A few recently published posts – Automated Deployment via Azure CLI and Post-Deployment Configuration via Azure CLI are about getting blank environments deployed and configured automatically and consistently. It is time now to integrate a development stage with Azure DevOps. In this post, I will make a step by step guide of how to add a Data Factory instance to a source control system. The next one will cover more Continuous Integration and Continuous Delivery or CI/CD.
- Blank development, test and production environments. They can be generated and configured by using scripts from those previous two posts. So the whole landscape will eventually have a look similar to:
Why bother with source control and Azure DevOps?
The Data Factory currently supports two editing modes: Live and GIT integrated. While LIVE editing is an easy start and available by default, the other alternative has various advantages:
- Source Control Integration and CI/CD:
- Ability to track/audit changes.
- Ability to revert changes that introduced bugs.
- Release pipelines with automatic triggers as soon as changes published to a development stage.
- Partial Saves:
- With Git integration, you can continue saving your changes incrementally, and publish to the factory only when you are ready. Git acts as a staging place for your work.
- Collaboration and Control:
- A code review process.
- Only certain people in the team allowed to “Publish” the changes to the factory and trigger an automated delivery to test / production
- Showing diffs:
- shows all resources/entities that got modified/added/deleted since the last time you published to your factory.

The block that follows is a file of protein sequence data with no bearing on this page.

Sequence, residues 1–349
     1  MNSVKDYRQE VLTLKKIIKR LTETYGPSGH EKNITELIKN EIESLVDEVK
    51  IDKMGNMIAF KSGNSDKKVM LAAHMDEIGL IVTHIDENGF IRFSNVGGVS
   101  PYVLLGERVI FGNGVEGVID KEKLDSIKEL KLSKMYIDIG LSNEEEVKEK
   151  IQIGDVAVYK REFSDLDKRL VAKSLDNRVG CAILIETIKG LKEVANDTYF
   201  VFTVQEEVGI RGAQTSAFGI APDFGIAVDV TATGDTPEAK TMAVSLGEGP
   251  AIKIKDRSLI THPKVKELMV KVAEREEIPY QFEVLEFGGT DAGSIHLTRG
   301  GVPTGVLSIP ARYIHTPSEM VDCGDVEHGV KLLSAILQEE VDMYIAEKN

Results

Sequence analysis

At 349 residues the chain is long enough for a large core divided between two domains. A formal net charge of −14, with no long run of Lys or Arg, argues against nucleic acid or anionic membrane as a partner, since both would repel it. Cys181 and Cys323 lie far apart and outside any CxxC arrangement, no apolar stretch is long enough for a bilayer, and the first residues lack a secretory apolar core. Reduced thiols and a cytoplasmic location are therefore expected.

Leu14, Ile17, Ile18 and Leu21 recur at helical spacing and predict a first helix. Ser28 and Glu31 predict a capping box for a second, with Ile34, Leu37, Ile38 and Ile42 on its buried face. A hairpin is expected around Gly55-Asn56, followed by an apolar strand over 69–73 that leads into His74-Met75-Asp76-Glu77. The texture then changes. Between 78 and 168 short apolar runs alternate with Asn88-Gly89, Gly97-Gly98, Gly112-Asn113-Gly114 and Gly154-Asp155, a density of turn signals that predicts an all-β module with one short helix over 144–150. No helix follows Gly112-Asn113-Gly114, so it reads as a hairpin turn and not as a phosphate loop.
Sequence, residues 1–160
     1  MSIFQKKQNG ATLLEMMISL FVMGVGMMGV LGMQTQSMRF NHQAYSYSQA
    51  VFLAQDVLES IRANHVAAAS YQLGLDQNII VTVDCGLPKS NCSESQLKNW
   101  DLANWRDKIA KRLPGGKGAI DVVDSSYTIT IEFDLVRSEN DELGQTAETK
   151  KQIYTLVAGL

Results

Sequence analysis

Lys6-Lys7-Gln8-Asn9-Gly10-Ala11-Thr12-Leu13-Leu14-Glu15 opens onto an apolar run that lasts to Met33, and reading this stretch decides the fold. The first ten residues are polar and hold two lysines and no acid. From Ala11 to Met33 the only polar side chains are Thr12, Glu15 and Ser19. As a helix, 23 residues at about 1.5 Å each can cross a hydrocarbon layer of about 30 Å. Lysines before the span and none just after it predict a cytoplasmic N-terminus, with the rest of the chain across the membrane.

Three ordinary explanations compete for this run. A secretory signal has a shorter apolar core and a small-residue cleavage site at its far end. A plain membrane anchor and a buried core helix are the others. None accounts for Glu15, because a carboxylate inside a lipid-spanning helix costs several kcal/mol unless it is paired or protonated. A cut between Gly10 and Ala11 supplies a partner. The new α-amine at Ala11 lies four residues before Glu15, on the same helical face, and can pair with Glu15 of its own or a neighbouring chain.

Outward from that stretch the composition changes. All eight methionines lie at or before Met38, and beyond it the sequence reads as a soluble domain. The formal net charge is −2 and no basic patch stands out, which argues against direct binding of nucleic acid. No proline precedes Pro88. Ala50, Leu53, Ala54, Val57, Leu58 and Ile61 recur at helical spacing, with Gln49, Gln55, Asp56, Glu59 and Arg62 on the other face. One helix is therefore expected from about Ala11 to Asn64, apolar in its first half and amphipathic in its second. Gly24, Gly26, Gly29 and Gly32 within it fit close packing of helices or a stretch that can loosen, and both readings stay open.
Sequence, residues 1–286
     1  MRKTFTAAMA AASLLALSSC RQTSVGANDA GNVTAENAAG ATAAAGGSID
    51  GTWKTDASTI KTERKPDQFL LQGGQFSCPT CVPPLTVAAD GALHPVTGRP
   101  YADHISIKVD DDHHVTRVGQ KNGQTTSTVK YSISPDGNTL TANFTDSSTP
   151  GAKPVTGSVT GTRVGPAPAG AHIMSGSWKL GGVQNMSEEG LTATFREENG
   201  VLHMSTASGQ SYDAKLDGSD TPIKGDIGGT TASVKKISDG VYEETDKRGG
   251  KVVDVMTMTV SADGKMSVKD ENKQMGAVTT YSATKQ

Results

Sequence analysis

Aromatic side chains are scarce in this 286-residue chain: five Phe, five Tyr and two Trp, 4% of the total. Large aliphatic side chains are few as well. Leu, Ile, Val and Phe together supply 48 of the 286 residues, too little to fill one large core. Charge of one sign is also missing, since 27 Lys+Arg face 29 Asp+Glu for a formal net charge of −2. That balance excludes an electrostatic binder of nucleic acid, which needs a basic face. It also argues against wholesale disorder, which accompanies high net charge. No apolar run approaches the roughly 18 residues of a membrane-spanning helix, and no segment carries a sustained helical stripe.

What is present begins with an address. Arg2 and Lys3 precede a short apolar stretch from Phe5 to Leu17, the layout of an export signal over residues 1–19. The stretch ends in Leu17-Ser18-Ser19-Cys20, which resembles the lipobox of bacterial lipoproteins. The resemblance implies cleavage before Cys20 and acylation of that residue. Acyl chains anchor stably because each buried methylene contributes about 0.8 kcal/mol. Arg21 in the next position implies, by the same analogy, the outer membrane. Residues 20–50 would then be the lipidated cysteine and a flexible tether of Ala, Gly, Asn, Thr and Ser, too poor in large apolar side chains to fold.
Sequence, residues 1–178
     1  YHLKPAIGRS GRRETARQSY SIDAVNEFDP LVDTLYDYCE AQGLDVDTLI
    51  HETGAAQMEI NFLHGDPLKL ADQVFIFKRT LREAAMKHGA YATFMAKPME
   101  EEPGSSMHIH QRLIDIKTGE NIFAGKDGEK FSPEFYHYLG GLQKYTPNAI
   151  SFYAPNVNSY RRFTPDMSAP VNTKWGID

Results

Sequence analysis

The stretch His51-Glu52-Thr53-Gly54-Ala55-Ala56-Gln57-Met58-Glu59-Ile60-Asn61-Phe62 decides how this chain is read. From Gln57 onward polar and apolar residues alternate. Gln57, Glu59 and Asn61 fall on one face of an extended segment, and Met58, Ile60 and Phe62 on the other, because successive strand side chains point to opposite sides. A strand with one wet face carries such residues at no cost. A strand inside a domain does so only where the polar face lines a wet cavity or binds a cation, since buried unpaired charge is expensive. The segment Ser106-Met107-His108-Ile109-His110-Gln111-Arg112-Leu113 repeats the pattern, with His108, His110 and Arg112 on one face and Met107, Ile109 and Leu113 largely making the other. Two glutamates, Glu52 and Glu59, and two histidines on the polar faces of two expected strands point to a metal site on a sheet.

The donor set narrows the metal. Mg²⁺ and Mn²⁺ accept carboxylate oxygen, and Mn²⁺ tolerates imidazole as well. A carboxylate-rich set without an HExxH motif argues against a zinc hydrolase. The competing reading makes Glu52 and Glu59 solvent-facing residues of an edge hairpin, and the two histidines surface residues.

Some words of warning: the discussed topic is quite complex and the whole source control and CI/CD theme would be hard to cover in just one post. Therefore it will come as a split into two parts. The current one will cover only a GIT integration. The next post will illustrate the remaining part. Therefore only a highlighted part of the flow will be covered now:
Step 1. Configuring a Source Control
The very first step is to connect make a source control account and connect it with a Data Factory.
Step 1.1: Create Azure DevOps Organization account
Enter a keyword “azure devops” in the Azure Portal search field and open a service creation page:
On Azure DevOps page click on “My Azure DevOps Organizations”:
This action will bring to a separate DevOps portal: aex.dev.azure.com, where all existing organizations listed or a new one can be created:
Because I have no organization created yet, a brand new one has to be submitted by entering a name and a preferred location:
Step 1.2: Create a blank project
The DevOps Organization is conceptually very similar to a TFS Project Collection. It acts as an administrative container for one or more projects. Therefore, the next logical step is to define a project within a new organization:
- Add a meaningful name of the project
- Choose visibility: Private
Step 1.3: Azure Active Directory Integration
Important: Make sure that recently created DevOps Organization is connected to the same Active Directory as a Data Factory. Otherwise, Data Factory will not display it in a source control configuration wizard.
The linkage can be checked by opening Organization Settings and checking Azure Active Directory settings:
Step 2. Set up code repository in Data Factory
The next logical step is to configure a GIT integration. This must be performed only in a development environment because the test and production stages will be maintained by a Continuous Delivery logic.
Step 2.1. Initiate a code repository wizard
In a top-left drop-down choose a “Set up code repository” option. This will open a “Repository settings” form on a right pane:
Step 2.2: Configure code repository integration
- Choose a repository type: Azure DevOps (1)
- Select an organizational or DevOps account (2)
- Chose a project that was created in a previous step (3)
- Choose “Use existing” Git repository (4)
- Leave a default “master” as a collaboration branch and root folder (5, 6)
Step 2.3: Create a new branch
Because GIT integration is enabled, there is a new drop-down control to choose which branch has to be used by UI. As a best practice, Microsoft recommends making adjustments in a separate isolated branch. Let’s create such a new branch. For this, click on “+ New branch” and then provide some meaningful name. In my case, it is: “alexvolok_add_activity”, because I am going to add a very first ADF activity to a blank data factory canvas
When the new branch is created, the editor switches to it automatically.